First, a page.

Law News,Tenant Fees Ban

Letting Agent Fee Ban will not be in Place Before Spring 2019

Rose Jinks - January 11, 2018

The Government has confirmed that the letting agent fee ban on tenants will not be in place before spring 2019 at the earliest.

Isobel Thomson, the CEO of the National Approved Lettings Scheme (NALS), welcomes greater clarity on the timetable for the introduction of the letting agent fee ban, insisting: “It’s much needed for our industry and something NALS has long called for.”

The Government is currently conducting pre-legislative scrutiny of the proposed bill ahead of presenting it to Parliament. The draft Tenants’ Fees Bill was published in November last year.

But, while the bill aims to create a fairer and safer private rental sector for all, the NALS is concerned that it may not deliver what the Government aspires to and risks doing real damage to landlords and their tenants.

Thomson explains: “NALS urges Government to use this time to fully assess the impact of the bill. It is crucial that Government looks again at the proposals and considers tenant fees in a broader, coherent framework of regulation for the private rental sector.”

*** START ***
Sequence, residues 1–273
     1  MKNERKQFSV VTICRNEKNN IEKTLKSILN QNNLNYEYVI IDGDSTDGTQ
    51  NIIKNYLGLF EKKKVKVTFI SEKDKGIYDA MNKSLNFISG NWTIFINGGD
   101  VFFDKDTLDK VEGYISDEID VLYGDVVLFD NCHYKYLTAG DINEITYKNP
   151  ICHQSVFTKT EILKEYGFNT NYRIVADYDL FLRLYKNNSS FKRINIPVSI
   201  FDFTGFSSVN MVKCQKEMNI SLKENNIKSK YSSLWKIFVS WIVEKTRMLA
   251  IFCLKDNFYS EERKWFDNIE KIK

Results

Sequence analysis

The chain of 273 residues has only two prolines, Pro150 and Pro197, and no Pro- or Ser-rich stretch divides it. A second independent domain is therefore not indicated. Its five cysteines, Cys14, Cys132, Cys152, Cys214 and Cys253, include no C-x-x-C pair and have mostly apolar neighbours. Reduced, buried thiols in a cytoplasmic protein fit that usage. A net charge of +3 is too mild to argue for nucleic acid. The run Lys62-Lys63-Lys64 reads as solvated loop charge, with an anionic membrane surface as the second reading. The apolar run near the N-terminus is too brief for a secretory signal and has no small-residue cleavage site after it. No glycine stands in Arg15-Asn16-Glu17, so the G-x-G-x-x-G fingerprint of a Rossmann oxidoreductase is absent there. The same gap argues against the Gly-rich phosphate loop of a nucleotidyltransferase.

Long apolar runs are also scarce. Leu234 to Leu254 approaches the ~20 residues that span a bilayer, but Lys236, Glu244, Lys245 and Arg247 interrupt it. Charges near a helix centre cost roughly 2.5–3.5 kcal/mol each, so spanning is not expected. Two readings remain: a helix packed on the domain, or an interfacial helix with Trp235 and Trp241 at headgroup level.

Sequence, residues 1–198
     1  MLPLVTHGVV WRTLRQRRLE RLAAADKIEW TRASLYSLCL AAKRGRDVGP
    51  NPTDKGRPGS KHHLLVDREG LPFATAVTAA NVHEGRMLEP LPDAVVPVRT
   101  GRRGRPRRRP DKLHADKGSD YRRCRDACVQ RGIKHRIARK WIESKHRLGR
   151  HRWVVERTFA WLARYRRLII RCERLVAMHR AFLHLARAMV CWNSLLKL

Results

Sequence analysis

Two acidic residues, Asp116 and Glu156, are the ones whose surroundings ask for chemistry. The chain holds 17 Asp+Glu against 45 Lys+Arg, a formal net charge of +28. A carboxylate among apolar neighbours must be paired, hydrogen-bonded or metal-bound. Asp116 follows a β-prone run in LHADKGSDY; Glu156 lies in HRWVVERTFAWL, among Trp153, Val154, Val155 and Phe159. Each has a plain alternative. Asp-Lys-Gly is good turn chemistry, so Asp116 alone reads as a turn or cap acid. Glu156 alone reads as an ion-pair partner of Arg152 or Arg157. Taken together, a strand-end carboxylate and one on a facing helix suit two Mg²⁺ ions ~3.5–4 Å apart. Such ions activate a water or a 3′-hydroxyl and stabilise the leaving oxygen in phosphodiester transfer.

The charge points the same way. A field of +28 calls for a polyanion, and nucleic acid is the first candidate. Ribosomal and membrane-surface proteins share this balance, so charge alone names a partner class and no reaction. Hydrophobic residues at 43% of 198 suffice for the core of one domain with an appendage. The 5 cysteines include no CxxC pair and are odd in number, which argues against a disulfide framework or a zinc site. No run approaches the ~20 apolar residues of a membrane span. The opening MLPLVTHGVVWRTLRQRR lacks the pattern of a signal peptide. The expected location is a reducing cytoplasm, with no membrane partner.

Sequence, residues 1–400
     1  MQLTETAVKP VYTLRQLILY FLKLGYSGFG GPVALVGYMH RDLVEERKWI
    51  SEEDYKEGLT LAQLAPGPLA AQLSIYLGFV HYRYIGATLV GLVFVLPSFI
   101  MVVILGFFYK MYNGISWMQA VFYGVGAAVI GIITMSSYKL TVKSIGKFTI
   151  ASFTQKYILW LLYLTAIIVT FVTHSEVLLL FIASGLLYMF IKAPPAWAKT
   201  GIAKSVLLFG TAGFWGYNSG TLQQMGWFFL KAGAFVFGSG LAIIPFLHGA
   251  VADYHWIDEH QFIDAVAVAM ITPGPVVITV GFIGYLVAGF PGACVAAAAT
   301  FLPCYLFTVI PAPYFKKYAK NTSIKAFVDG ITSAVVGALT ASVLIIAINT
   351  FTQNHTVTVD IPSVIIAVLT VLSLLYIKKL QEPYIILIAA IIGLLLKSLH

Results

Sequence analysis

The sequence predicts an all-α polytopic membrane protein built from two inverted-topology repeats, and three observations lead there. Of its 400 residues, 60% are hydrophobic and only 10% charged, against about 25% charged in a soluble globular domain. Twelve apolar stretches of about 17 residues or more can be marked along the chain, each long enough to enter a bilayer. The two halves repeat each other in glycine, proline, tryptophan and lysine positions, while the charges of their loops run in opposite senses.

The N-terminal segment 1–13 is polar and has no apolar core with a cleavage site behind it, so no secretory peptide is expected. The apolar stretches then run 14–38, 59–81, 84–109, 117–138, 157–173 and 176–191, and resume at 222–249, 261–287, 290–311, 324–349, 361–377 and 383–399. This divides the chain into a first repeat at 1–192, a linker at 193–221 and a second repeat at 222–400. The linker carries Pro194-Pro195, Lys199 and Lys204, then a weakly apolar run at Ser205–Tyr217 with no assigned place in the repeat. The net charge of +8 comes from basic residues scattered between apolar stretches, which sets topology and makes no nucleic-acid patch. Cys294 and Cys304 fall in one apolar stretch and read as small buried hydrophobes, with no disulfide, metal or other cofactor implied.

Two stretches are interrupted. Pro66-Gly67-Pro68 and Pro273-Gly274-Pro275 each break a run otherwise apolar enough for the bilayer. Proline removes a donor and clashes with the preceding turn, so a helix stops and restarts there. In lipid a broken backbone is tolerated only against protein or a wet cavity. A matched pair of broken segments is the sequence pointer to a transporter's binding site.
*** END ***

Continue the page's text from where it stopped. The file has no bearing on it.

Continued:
There are also concerns among industry professionals that letting agents – many of which are keen to maintain their revenues – will attempt to simply claw back lost earnings when the letting agent fee ban is implemented, by passing extra costs onto landlords. But, given that landlords already pay generously for letting and management fees, and the fact that landlords do not profit from tenant fees, any attempts to pass costs onto landlords would undoubtedly lead to higher rent prices for their tenants.

James Davis, the Founder of online letting agent Upad, says: “Landlords simply can’t afford to not be prepared for what lies ahead. In my experience, there’s a certain amount of head-in-the-sand mentality around the impact that this ban could have, both amongst letting agents and landlords.

“Unfortunately, many headlines focus on how rents will increase once this legislation is implemented, but the reality for landlords is that this needn’t be the case.”

He adds: “Most private landlords don’t, in fact, charge excessive upfront costs and, by simply taking the time now to consider how else they can manage their costs, they’ll be assured of being prepared for the fees ban, whether that happens this year, next year or, indeed, at all.”

We will keep you updated of all developments to the letting agent fee ban at Landlord News.